KM: They were discarded?
TK: Yes. They were all discarded. They were all found at the markets, often not displayed out with the other “valuables,” but at the bottom of moldy boxes, or underneath tables often in the back, in basements, crushed and crumpled. There was something inherently exciting about “unearthing” them, or digging them up.
KM: With the magazines, the experience is not just about looking at the images themselves, but it’s also thinking about how they’re edited and how they are presupposing a certain kind of audience. And so, you get put into that kind of—into a particular position.
TK: Right. There is an underlying fear that runs throughout the magazines too—you see it explicitly in the articles and features in the magazines depicting impotency or penile dysfunction. And there were men, I assume, who had underlined and written notes on these articles. The juxtaposition of the flaccid penis, this hyper-violent imagery, and confused sexuality I found really disturbing. Who is the sexual—who are the sexual images aimed at? Like you said, it’s hard to tell who the audience is supposed to be.
KM: You used these photographs in the magazines to create an installation in your studio in Lima? Was that…
TK: Our summer is Lima’s winter. I was there in June, and it was gray. The garúa is a fog that settles over the city like a brown cloud trapping in all of the pollution and diffusing the light so much that it was dark in my studio.
I was trying to work with these magazines in the afternoon, when this one beam of light would come through the studio window. And I would quickly build a house of cards out of the magazines on the ground in that beam of light. And then I found these shards of mirror and I got these pieces of colorful Plexi sheets and started to play with them in that beam of light. And the results were beautiful. I just love the way that you could see the texture of the paper and also the way that the light changed by refracting it with the colored Plexi and mirrors. So, it’s all a very playful analog process.
KM: So, getting back then to 1979: Contact Negatives—how did you decide to make those photographs in the gallery space itself?
TK: Well, you know…
KM: It seems like a significant shift.
TK: I wanted the work to communicate something about the nature of trying to understand one’s place within this political context, how we can use archives to build histories or to invent false histories.
KM: To set up a relationship between the present and this moment in the past?
TK: So much of these earlier works was about my hand and my body, and yet they’re absent. My body is physically absent. To really understand this engagement with material, I wanted to bring my body back into the work. I did so much work before this project that had to do with the pose and the body and the ways that women in particular photographed themselves.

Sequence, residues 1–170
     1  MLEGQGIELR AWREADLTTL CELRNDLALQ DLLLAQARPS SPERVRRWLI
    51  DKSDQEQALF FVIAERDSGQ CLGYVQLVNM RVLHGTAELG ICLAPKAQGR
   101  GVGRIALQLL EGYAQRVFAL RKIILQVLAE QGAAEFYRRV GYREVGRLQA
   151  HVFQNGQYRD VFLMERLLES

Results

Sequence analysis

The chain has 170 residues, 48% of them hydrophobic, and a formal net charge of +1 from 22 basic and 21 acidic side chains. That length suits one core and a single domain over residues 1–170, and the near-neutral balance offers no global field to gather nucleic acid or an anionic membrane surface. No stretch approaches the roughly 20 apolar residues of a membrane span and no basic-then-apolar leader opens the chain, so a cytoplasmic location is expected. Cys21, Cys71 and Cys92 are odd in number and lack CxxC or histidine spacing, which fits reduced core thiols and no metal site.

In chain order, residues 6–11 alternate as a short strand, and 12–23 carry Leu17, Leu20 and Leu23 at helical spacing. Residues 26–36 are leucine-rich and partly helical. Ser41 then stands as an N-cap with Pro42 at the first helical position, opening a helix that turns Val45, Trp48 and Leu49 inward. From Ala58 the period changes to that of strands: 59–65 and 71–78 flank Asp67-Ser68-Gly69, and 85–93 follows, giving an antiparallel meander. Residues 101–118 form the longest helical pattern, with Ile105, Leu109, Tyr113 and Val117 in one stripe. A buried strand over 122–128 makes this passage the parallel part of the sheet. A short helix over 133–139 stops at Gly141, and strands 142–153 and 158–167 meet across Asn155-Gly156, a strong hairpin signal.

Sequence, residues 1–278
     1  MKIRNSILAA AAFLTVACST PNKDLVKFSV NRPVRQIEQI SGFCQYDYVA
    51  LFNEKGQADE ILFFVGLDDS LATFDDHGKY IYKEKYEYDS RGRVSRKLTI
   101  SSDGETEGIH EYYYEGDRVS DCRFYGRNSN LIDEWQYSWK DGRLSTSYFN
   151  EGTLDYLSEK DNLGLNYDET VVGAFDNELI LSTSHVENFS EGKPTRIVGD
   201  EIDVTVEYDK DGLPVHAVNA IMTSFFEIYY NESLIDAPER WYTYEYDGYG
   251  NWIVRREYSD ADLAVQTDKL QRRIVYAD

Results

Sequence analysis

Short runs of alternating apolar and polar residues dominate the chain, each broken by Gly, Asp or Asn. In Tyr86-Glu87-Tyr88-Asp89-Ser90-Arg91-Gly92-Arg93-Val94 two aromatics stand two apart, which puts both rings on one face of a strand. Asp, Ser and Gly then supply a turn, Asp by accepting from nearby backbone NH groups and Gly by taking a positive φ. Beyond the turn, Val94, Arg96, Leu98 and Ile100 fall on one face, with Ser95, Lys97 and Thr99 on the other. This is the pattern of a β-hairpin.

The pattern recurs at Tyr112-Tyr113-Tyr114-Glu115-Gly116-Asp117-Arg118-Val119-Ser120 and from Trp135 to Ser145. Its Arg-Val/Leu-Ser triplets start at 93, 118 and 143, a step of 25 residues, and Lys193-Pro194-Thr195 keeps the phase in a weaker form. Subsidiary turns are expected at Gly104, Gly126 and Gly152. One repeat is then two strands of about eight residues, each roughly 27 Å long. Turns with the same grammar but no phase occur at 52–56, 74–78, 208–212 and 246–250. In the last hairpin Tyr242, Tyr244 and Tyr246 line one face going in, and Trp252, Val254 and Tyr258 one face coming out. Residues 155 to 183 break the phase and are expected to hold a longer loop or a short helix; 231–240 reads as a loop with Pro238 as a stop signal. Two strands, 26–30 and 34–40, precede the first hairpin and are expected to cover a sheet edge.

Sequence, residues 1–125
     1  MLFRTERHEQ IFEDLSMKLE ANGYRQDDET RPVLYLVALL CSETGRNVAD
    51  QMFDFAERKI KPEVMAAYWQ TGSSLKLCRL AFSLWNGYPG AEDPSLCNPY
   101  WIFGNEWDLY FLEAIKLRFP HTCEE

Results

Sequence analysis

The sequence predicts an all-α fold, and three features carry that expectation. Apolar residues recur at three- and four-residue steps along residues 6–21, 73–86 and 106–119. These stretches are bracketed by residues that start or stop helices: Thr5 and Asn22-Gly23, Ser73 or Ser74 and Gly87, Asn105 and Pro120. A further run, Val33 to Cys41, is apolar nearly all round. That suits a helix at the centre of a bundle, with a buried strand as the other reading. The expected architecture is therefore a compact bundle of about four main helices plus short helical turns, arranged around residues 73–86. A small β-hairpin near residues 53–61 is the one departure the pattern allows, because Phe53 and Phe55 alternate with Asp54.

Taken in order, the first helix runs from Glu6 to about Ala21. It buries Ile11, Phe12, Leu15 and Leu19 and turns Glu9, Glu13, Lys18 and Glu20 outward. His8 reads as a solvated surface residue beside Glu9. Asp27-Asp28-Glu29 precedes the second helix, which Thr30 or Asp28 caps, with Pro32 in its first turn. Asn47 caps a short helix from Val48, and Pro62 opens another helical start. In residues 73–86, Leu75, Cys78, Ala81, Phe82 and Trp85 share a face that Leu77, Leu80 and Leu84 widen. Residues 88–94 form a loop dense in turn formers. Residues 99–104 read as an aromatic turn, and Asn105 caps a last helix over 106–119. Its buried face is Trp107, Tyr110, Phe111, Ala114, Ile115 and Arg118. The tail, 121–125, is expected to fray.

KM: This is the work that you did earlier, with a partner?
TK: Yes. And so…
KM: Do you have a title for that series, or were there multiple bodies of work that you did together?
TK: There were multiple bodies of work because we worked together for about five to seven years. There was the “Pose Archive” and the “Hysteria Collection” and “Anthology of Trends.” We were interested in photographic tropes throughout history and exposing the ways in which women’s bodies were consistently posed—for example, the “Ophelia” trope or “sick woman,” which is just as present now as it was in the 19th century. And so, 1979: Contact Negatives really merges the archival work with this performative work of bringing my body physically back into the archive.
KM: So this work is about the merging of the archival and the performative, the act of taking a photograph and making a photograph, and the archive’s relation to a person, in this case, you?
1979: Contact Negatives | Limited Edition Zine | 8”x10” | 36 pages | Staple Bind | B&W Xerox Printing, Design & Photos: Tarrah Krajnak | Edition of 75 + 15 A/P, Description: A collection of all the negatives and positives produced in the gallery over the course of the exhibition in the form of a zine.
TK: In a way these images are projected into a different time, in a different space. I’m returning to these moments, like the one where I am holding a bag titled Self-Portrait as Woman Holding Bag, or Self-Portrait as Building with Child Prostitute. How can a body return to a moment in time and space, and how does the photograph work in relation to time and space? There are many levels of re-photography here because I’ve not only re-photographed the magazine pages, but I’ve re-photographed the re-photographs. And then I’m projecting them and then I’m re-photographing that.
My initial impulse as a photographer was to go back and find these locations and just do a re-photographic project in actual time and space. I chose these particular images from the magazines because there were stories alongside the images that were about violence in some way, violence against women, or prostitution, or rape, that happened in these particular spots. But as I started to look through the magazines more, I noticed that they would use stock images for different stories. So, they would use the same photograph again for a different story. This is the nature of the archive. These photographs are just a placeholder for some narrative that is written on top of them, and then a new narrative will be written on top of that.